So on the eighth day after he was born Jesus was circumcised, according to the law and practices of his people. Circumcision said that this boy was a Jew, a part of the people God had called and set apart to be a blessing in the world. Then, as the scripture for today tells us, his parents set out for the temple in Jerusalem—again, to fulfill the requirements of the law of their people. There they dedicated their newborn son Jesus to the Lord with a sacrifice and Mary was certified as purified or clean after her child birth. The sacrifice to be offered was a sheep. But, if a sheep was too expensive, then the law stipulates that two turtledoves or pigeons would do. Mary and Joseph were poor, and so the sacrifice they offered in the temple was two turtledoves.

From the beginning, Jesus grew up with structure, with law centered in the will of God. Later he would challenge it and say that love is the center and purpose of the law. But Jesus was always a Jew, from the beginning of his life to the end. His parents made sure that he knew who he was. They made sure that he was exposed to the scriptures of his people and that God’s will in those scriptures became second nature to him. They made sure that the traditions of his people that insured their focus on God and God’s ways were a part of his life. Jesus grew up with temple and synagogue and the teachings of scripture as givens. As we look forward to Christmas and Easter, he surely looked forward to the festivals and special observances of his faith. In fact, a favorite story of the boy Jesus (and actually the only story we have of his boyhood in scripture) was when Jesus went with his parents and relatives and friends to Jerusalem to celebrate the festival of the Passover.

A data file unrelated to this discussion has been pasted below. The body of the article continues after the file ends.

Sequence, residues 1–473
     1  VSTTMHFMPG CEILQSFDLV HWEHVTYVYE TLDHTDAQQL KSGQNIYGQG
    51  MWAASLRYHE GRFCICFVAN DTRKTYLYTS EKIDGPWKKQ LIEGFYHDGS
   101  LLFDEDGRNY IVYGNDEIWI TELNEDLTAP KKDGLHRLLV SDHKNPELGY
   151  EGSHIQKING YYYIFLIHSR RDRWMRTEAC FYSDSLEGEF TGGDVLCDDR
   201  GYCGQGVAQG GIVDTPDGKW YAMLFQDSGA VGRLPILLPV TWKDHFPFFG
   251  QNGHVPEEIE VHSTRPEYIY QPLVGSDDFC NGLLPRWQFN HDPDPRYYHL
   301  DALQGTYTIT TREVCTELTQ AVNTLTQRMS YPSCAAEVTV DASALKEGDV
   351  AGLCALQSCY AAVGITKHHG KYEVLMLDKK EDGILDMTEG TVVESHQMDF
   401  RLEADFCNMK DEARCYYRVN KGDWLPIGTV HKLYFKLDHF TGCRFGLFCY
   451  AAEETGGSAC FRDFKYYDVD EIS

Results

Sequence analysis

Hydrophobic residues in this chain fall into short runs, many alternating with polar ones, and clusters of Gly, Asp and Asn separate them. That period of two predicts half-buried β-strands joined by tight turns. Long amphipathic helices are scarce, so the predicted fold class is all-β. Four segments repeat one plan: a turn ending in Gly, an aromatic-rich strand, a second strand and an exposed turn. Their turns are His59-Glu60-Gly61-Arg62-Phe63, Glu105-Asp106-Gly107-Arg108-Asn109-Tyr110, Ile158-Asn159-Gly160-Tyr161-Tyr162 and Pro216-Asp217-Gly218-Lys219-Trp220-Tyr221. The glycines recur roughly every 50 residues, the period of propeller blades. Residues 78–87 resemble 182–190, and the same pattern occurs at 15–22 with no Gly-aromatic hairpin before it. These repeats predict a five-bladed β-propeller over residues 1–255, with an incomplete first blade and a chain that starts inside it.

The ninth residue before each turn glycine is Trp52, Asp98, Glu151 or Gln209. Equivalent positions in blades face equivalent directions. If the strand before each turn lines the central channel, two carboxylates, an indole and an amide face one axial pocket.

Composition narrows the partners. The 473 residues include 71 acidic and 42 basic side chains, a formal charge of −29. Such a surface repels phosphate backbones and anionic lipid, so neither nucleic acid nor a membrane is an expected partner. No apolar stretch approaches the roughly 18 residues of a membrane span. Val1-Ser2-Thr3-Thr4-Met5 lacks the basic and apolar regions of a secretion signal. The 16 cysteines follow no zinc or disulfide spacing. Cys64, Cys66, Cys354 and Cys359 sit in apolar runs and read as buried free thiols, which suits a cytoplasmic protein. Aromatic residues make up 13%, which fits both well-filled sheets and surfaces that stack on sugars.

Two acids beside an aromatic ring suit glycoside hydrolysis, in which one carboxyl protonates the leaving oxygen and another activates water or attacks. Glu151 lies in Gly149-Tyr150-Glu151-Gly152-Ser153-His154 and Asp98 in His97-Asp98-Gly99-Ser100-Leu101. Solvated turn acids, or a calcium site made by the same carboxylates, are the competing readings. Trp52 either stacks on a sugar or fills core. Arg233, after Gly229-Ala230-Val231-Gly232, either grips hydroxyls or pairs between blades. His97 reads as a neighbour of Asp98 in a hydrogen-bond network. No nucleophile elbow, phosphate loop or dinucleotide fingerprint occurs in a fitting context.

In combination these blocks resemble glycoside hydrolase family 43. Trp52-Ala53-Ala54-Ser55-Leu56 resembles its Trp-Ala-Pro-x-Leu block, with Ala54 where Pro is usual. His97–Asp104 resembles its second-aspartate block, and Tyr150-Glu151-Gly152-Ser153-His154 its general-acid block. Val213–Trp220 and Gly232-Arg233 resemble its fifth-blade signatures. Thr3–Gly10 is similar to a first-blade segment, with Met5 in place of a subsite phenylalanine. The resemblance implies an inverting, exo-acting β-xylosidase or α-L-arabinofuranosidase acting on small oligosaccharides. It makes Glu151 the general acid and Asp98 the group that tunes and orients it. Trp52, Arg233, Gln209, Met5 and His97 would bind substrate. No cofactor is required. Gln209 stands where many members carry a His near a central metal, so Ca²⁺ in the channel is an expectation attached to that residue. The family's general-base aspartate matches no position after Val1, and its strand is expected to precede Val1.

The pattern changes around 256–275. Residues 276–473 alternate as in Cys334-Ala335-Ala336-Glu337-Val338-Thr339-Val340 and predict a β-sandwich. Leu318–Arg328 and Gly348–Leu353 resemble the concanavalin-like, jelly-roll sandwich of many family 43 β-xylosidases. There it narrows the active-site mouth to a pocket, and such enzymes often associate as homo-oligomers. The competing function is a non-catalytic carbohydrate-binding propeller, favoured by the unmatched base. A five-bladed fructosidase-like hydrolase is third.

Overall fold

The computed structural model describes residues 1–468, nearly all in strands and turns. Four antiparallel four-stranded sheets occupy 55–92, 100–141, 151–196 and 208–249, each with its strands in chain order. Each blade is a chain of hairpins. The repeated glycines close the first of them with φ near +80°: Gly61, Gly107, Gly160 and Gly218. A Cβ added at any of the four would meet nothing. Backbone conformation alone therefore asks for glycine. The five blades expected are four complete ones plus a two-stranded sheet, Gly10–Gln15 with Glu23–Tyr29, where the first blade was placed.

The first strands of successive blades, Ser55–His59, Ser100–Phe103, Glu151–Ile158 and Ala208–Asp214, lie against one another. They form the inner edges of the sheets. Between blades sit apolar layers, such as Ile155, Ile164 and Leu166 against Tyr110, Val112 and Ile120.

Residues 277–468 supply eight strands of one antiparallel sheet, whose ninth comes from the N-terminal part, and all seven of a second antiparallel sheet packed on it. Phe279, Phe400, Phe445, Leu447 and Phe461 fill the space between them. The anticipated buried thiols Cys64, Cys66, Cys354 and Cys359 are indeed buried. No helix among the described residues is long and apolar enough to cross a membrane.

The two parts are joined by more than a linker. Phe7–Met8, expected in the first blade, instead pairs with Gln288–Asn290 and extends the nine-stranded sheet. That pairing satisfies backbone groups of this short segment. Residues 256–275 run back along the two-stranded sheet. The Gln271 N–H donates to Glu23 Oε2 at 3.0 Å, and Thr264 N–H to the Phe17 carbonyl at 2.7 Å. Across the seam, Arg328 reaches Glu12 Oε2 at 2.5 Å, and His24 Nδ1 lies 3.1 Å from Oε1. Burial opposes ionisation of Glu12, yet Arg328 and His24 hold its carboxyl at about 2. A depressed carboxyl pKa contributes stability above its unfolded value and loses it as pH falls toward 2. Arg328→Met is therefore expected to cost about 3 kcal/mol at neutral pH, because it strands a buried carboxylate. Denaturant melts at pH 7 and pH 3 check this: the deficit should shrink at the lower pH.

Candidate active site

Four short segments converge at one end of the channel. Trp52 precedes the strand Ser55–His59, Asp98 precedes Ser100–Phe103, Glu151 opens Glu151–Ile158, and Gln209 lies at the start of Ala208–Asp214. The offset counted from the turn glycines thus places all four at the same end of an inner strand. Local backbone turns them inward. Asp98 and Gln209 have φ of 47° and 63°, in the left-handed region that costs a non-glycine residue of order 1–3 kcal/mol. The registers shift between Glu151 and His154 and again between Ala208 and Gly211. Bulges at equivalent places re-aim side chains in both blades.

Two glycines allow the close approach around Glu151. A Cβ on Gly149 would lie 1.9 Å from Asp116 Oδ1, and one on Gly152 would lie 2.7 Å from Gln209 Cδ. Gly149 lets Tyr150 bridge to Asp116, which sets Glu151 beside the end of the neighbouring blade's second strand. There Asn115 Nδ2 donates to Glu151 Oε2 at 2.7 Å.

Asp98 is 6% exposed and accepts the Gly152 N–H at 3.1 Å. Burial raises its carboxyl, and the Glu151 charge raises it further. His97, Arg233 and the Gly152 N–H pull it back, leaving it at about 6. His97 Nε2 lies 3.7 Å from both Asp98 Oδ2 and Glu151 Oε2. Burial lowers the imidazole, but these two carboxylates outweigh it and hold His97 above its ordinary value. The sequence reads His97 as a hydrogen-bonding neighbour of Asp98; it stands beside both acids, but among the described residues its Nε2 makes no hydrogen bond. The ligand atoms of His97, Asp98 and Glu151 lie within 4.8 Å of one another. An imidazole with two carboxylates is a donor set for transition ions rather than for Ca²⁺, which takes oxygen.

Another thing Jesus had going for him was community. And, in that community were those who saw the potential in him, that saw what he could be and what he would be. They were people of hope, people of vision, people like old Simeon that the gospel of Luke tells us about. He was a man of prayer, a man open to the movements of the Holy Spirit. And so one day, the Spirit led Simeon to the temple where he saw the baby Jesus with his parents, Mary and Joseph. And Simeon just knew. The Spirit inside of him told him that this was the one. This little baby was the one for whom he had been looking all these years, the one who would bring in a promised new age for Simeon and his people. And so he went over to Mary and Joseph in the temple and he took up their baby in his arms and began praising God, saying, “God, I can die in peace now; for my eyes have seen your salvation, which you have prepared in the presence of all peoples, a light for revelation to the Gentiles and for glory to your people Israel.”